Pirates decline 2012 options on Maholm, Snyder, and Doumit

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In a trio of expected moves the Pirates have declined their 2012 options on left-hander Paul Maholm, catcher Chris Snyder, and catcher/outfielder Ryan Doumit.

Maholm was due $9.75 million and has failed to develop into more than a solid middle-of-the-rotation starter at age 29, so Pittsburgh will instead give him a $750,000 buyout.

Snyder was due $6.75 million, but missing the final three-and-half months of the season following back surgery made choosing a $750,000 buyout a no-brainer move for the Pirates.

Doumit’s deal had 2012 and 2013 options totaling $15.5 million, compared to a $500,000 buyout. Pittsburgh tried to unload his contract during spring training and he played just 77 games this season, but hit well when healthy with a .303 batting average and .830 OPS in 77 games.

Maholm should be able to find a multi-year contract on the open market, but Snyder will likely have to settle for a one-year deal to prove that he’s healthy and still capable of being a starting catcher. Doumit’s defense behind the plate may keep him from landing a full-time catching job, but he could interest AL teams as a catcher/outfielder/designated hitter.

Justin Verlander named ALCS MVP

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Following the Astros’ decisive 4-0 shutout over the Yankees on Saturday night, Justin Verlander was named the Most Valuable Player of the American League Championship Series. Hall of Fame outfielder and former MLB manager Frank Robinson handed the award to Verlander, who was beaming as he thanked his teammates and members of the Astros’ organization.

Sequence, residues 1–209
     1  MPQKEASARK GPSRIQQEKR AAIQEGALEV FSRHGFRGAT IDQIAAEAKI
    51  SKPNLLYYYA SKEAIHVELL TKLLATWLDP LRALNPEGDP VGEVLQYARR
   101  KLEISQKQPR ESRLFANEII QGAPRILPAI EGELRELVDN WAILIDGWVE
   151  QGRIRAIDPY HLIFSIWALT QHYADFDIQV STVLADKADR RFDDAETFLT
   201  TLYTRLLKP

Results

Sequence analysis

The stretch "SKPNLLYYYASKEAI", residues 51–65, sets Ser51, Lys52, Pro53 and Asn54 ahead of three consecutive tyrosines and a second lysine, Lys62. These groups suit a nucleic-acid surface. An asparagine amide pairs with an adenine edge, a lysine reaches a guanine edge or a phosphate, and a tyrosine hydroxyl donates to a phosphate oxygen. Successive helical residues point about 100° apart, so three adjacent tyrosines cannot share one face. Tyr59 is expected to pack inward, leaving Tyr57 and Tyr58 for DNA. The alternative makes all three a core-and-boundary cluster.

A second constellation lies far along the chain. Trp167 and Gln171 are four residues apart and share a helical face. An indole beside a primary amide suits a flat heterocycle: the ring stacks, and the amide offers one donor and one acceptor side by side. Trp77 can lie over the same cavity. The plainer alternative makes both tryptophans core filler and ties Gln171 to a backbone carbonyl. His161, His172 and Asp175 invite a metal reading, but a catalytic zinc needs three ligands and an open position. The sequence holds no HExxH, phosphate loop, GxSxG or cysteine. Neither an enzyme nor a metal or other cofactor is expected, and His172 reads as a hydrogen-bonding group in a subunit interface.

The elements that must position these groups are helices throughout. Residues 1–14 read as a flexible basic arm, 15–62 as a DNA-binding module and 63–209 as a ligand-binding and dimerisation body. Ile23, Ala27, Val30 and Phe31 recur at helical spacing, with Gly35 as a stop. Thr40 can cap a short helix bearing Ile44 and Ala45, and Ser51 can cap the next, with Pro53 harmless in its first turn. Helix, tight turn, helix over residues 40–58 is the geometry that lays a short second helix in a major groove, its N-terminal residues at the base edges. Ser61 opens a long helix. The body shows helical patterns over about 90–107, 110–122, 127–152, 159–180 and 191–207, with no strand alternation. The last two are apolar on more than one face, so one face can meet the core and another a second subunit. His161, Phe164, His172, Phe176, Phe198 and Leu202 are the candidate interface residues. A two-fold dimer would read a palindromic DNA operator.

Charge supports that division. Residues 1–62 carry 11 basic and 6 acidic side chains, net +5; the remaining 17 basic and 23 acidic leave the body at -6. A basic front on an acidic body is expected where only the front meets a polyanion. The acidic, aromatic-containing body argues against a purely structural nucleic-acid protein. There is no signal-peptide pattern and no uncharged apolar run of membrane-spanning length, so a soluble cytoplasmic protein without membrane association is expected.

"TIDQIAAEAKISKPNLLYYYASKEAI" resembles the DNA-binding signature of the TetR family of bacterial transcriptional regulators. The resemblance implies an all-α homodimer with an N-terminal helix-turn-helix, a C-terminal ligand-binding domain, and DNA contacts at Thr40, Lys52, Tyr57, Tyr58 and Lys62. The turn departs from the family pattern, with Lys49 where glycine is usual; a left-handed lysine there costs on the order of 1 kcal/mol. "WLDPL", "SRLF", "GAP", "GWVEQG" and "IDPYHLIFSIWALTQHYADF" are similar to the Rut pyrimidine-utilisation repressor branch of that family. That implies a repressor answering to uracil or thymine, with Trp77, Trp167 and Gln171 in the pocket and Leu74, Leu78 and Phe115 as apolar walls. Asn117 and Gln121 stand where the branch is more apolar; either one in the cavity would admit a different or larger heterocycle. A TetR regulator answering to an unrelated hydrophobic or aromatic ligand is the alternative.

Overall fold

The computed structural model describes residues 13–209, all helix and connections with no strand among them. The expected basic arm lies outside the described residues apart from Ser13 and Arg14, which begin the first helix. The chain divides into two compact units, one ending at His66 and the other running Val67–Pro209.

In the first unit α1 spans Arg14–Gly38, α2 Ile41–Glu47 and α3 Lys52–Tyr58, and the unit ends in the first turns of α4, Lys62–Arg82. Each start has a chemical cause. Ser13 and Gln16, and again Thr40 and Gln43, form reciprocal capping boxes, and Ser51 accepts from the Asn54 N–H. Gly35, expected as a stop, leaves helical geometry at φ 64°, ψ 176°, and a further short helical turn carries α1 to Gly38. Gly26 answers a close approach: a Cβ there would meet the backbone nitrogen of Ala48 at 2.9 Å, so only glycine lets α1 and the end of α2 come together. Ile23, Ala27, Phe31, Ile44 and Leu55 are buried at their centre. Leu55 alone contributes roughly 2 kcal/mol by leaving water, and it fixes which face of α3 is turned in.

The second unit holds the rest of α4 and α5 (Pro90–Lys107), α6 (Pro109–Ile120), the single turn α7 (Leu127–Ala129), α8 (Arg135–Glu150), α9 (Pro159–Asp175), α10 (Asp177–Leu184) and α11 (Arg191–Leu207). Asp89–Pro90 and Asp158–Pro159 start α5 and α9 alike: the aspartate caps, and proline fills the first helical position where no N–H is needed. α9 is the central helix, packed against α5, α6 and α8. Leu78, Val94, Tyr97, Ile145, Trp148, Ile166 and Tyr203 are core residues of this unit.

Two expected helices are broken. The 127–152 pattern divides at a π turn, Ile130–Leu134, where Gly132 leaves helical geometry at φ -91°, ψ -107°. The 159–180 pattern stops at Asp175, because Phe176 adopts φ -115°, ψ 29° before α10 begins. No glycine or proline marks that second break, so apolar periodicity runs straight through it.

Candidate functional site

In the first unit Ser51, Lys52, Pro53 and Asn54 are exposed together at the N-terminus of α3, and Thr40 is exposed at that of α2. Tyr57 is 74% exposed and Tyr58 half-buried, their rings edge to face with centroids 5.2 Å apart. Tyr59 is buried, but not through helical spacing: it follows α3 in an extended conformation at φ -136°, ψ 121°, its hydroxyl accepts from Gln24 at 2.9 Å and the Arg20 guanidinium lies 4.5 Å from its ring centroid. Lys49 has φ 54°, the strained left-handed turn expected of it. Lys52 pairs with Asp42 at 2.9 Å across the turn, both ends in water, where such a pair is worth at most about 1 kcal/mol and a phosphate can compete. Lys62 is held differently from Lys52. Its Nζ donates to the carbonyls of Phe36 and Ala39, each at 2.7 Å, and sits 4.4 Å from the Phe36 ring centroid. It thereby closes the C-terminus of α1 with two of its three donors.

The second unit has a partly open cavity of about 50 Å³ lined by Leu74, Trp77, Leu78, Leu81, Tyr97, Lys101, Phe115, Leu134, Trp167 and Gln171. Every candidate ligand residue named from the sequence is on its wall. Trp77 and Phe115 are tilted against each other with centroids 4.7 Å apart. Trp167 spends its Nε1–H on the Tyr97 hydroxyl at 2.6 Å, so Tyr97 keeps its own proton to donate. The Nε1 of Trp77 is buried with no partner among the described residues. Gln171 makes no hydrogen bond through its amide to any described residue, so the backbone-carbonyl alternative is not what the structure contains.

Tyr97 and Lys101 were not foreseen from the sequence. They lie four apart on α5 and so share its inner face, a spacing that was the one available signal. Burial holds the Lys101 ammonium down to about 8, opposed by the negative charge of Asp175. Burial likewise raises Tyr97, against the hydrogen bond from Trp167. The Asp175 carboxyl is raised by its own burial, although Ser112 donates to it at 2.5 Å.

“I’ve got to say, it came down to the wire, and one thing kept going off in my head was Dallas,” Verlander told the crowd gathered at Minute Maid Park. “When he called me, he said that I won’t regret my decision to join the Houston Astros. And here we are right now, it’s the best feeling in the world. We’ve got four more wins to win a World Series, and I do not regret my decision to come here. This is the best feeling a player can have. So, thank you.”

Among a cast that boasted the likes of Jose Altuve, Carlos Correa and Dallas Keuchel, among others, Verlander was spectacular. He locked down a complete game win in Game 2, holding the Yankees to one run on five hits and a walk and striking out a postseason-high 13 batters. In Game 6, he saved the Astros from elimination with seven scoreless innings, helping propel the club to their eventual 7-1 finish that set up their series-clinching finale on Saturday.

The 34-year-old righty also took his place among some postseason greats. Thanks to an eight-strikeout outing on Friday night, his collective 136 postseason strikeouts are good for sixth-most in MLB playoff history, just a smidgen shy of Tom Glavine (143), Mike Mussina (145), Roger Clemens (173), Andy Pettitte (183) and John Smoltz (199). He also joined Bob Gibson, Curt Schilling and Sandy Koufax as one of just four hurlers to strike out 20+ Yankees in a postseason series.